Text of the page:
A New Era in Directing Traffic

SAN FRANCISCO—For any station or cable network to operate efficiently, there must be quiet and careful orchestration of a ballet known as traffic and billing, that—when run successfully—keeps programming flowing and customers happy.

But in today's murky and evolving advertising arena, however, that's not always an easy task. The goal is to keep a network's underlying machinery moving seamlessly and smoothly while myriad simultaneous transactions take place.

In an ideal world, "the right hand needs to know what the left hand is doing, in a single database where everything knows what everyone else is doing," said Crist Myers, president and CEO of Myers Information Systems in Northampton, Mass. "The industry needs to be able to knock down walls and create a smart workflow from start to end."

Harris's NetGain solution gives customers a clearer snapshot of how media is performing.
One of the new requirements in today's traffic and billing environment: proof of performance. "It's almost essential today," Myers said. "If your station is involved in contractual obligations, ultimately you need to share that you've done what you said you'd do."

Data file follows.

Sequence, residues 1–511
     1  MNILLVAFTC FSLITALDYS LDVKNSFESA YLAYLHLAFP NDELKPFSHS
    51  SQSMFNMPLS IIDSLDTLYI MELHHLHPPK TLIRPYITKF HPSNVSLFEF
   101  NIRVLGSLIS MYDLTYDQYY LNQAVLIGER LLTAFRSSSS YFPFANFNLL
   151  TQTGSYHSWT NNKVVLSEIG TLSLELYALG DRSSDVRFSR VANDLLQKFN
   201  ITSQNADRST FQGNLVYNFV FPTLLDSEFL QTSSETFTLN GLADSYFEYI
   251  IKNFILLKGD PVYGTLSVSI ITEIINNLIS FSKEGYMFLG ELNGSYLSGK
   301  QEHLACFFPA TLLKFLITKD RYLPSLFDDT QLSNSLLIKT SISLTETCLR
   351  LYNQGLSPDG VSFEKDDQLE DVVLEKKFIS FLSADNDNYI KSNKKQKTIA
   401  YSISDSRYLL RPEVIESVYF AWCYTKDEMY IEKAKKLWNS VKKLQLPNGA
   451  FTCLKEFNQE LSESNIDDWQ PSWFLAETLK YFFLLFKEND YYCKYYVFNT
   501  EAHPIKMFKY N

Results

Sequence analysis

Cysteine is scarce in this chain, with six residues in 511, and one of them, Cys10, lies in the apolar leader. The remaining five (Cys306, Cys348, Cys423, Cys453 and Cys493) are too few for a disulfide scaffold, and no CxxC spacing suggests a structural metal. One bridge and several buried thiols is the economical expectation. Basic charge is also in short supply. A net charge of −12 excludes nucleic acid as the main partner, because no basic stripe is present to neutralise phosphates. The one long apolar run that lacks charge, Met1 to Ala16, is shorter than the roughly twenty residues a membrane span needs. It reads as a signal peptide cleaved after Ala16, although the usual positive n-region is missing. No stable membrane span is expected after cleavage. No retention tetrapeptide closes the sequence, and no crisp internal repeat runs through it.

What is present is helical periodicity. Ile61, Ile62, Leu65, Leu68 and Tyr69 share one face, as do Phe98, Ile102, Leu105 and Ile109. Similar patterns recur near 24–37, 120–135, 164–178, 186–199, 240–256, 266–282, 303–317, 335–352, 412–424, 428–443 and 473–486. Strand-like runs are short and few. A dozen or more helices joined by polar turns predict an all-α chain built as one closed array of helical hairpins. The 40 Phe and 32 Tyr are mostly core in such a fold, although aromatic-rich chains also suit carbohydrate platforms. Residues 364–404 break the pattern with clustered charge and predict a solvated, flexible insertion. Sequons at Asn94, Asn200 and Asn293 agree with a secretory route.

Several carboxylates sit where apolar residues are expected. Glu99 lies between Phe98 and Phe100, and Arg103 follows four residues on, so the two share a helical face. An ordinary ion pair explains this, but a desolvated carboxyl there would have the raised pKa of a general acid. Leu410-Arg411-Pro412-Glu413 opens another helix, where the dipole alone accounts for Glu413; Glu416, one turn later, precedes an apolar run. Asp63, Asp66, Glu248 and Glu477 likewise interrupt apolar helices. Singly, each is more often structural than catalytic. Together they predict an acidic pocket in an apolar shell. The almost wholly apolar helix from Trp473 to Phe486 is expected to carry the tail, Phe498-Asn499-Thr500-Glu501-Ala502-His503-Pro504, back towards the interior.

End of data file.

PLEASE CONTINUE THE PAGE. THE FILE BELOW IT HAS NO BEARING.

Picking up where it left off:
Improvements in technology and evolving integration standards have made it easier for firms to provide updated data to customers, including producing affidavits as to when a spot aired and showcasing vital stats on previous airings. "There's a need to have more analytical information, which gives you a better opportunity to air content and get better ratings," Myers said.

Trafficking technologies are helping to dissect information into multiple views, and encouraging networks ask: if I put my schedule together this way, what can I generate? If I organize programming this way, can I maximize airtime and reach more viewers?

Harris's NetGain solution, a business intelligence and analysis system, deployed over its OSi and Novar traffic and billing solutions, gives customers a clearer snapshot of how media is performing. "It allows [broadcasters] to mine the data within their system to better serve their clients," said Scott Criley, director of new product development for Harris Media Systems. It gives a snapshot of what a particular customer buys, and allows users to set alerts around revenue or booking profiles. "If you think about an operational system, it's a complex system," he said. "We've made it simple to drag revenues and buy types over new information. It allows people to do ad hoc reporting."


Traffic and billing technologies are also being tasked with handling the murky world of secondary ad outlets, which range from Internet advertising to mobile ad spots.

"If you look at how the Internet is bought and sold in nonlinear advertising, it's done somewhat on an impression basis," Criley said, whose firm offers the OSi-Traffic management and accounting solution in addition to Novar. Harris recently introduced a set of modular components that interface with more linear systems that allows for dynamic ad insertion for VOD or ad insertion for the Internet. "[Customers] need to be able to monetize those different distribution platforms," he said.